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1960: Thousands dead in Moroccan earthquake
A huge earthquake has devastated the southern Moroccan city of Agadir killing thousands.

A major operation is now underway to rescue scores of people, including many tourists, still trapped under the rubble.

Most of the "new town" area of Agadir has been completely destroyed and the heavily populated Talborit quarter is believed to have been the hardest hit.

The number of dead currently stands at more than 1,000 although some have suggested the toll could rise to as many as 20,000.

The earthquake, which measured 6.7 on the Richter scale, hit the city at 2339 hrs (local time) tonight.

Cries for help

It lasted for more than 10 seconds and was accompanied by a massive tidal wave which added to the destruction. Fire broke out across the city soon afterwards.

Eye-witnesses report hearing screams and cries for help from those trapped.

A British tourist, staying in one of the city's luxury hotels, told the Times newspaper: "It was very frightening, and within a few moments masonry was dropping all around us.

"The lights went out and there was complete darkness. For a moment we just sat, not knowing what was happening."

Another said: "I was reading in bed in my room at my hotel when the earthquake came.

"The room seemed to swirl around and then the ceiling collapsed and the walls caved in."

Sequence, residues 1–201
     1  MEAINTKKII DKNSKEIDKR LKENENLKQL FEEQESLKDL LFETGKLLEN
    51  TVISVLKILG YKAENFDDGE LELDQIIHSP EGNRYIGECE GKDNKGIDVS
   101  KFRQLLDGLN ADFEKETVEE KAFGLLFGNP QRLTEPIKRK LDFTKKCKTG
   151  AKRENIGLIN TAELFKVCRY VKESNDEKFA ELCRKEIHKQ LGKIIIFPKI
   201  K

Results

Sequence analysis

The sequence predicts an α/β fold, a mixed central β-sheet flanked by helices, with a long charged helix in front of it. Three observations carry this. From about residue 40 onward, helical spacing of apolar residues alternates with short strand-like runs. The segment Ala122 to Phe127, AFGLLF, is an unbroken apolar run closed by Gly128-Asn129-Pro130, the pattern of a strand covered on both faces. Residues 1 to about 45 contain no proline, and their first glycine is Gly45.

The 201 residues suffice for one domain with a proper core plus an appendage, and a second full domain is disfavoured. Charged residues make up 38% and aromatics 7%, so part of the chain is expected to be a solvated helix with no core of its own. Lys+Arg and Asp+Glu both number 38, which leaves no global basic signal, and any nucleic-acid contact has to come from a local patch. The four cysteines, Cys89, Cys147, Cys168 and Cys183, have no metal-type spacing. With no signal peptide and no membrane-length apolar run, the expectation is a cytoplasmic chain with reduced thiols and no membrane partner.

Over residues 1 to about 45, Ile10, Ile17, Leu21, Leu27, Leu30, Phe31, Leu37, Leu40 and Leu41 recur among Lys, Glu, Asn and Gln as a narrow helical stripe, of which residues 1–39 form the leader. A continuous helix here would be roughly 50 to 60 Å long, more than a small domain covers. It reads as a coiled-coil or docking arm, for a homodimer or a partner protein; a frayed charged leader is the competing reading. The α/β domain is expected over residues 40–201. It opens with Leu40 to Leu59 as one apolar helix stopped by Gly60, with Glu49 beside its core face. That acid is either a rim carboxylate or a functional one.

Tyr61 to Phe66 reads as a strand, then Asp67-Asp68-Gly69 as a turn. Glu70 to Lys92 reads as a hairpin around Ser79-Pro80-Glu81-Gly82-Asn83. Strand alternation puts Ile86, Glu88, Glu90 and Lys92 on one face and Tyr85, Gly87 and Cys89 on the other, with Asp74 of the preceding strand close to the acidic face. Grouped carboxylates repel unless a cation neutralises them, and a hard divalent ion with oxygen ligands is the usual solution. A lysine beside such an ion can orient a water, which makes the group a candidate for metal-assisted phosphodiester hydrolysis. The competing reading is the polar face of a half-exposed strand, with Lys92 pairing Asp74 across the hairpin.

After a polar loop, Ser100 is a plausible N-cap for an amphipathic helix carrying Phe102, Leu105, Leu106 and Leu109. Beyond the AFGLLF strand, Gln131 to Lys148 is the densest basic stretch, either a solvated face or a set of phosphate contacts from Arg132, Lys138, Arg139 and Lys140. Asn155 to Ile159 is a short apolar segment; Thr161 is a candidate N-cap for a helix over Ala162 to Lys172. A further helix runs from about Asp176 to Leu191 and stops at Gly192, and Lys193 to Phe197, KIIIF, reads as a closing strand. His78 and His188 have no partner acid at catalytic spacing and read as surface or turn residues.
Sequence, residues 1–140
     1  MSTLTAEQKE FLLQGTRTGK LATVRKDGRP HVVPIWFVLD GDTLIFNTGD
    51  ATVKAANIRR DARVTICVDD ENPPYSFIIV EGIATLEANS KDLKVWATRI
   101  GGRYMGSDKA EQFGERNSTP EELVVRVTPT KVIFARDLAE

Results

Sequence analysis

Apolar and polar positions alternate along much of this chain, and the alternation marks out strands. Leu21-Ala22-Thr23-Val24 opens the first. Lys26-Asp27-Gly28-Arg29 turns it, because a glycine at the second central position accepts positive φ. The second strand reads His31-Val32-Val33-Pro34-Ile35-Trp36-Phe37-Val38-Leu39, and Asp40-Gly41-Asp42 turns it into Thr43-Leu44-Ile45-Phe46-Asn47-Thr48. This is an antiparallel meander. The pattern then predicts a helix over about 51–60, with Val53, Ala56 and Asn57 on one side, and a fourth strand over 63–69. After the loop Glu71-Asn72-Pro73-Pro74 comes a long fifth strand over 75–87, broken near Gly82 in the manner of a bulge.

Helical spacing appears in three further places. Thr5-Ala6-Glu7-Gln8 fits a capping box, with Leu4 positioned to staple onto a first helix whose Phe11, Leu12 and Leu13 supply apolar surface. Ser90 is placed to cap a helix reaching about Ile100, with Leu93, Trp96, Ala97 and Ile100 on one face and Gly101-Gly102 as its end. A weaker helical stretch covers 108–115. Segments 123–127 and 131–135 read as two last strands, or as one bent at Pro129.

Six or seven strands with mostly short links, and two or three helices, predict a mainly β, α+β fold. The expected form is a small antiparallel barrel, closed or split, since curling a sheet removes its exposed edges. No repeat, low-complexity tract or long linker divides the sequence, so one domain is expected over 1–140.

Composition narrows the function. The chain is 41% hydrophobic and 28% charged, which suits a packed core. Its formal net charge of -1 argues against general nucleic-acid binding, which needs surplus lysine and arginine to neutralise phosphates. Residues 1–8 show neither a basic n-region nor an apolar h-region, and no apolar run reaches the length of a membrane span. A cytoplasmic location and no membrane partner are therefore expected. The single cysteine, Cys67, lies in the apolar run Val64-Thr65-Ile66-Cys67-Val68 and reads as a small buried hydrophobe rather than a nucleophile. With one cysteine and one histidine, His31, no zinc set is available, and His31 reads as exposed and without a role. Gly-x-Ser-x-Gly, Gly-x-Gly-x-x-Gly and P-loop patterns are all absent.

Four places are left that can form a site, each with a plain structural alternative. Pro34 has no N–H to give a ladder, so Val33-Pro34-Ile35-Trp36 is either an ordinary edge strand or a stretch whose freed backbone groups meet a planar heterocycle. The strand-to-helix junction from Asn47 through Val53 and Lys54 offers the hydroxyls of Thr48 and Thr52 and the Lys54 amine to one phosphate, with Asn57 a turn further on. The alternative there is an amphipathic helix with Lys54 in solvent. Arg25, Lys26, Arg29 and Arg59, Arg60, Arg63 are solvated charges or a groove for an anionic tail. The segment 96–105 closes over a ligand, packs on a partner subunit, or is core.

Rescue teams have been drafted in from Morocco's main regions and from cities around the world.

Agadir's airport, which was undamaged, has been set up as a temporary hospital for the injured. Many wounded were flown to Casablanca during the night.

Among the buildings reduced to a pile of rubble were the city's hospital, the newly-constructed luxury Saada hotel and The National Militia headquarters.

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Scene of the Agadir earthquake
International rescue teams helped with the salvage operation



In Context
Two days after the earthquake the Moroccan authorities ordered the total evacuation of Agadir in a bid to avoid the spread of disease.

Offers of financial, medical and military assistance flooded in from around the world in the days following the disaster.

A week after the earthquake King Mohammed of Morocco visited the site with members of his family. He pledged that the town would be rebuilt by 1961.

People, including several children, continued to be pulled alive from under the rubble for up to 12 days following the disaster.

The final death toll was 12,000. The earthquake was the worst to ever hit Morocco.

Modern-day Agadir was rebuilt a mile (2kms) south of the earthquake epicentre and is now a seaport and seaside resort with a large sandy beach.

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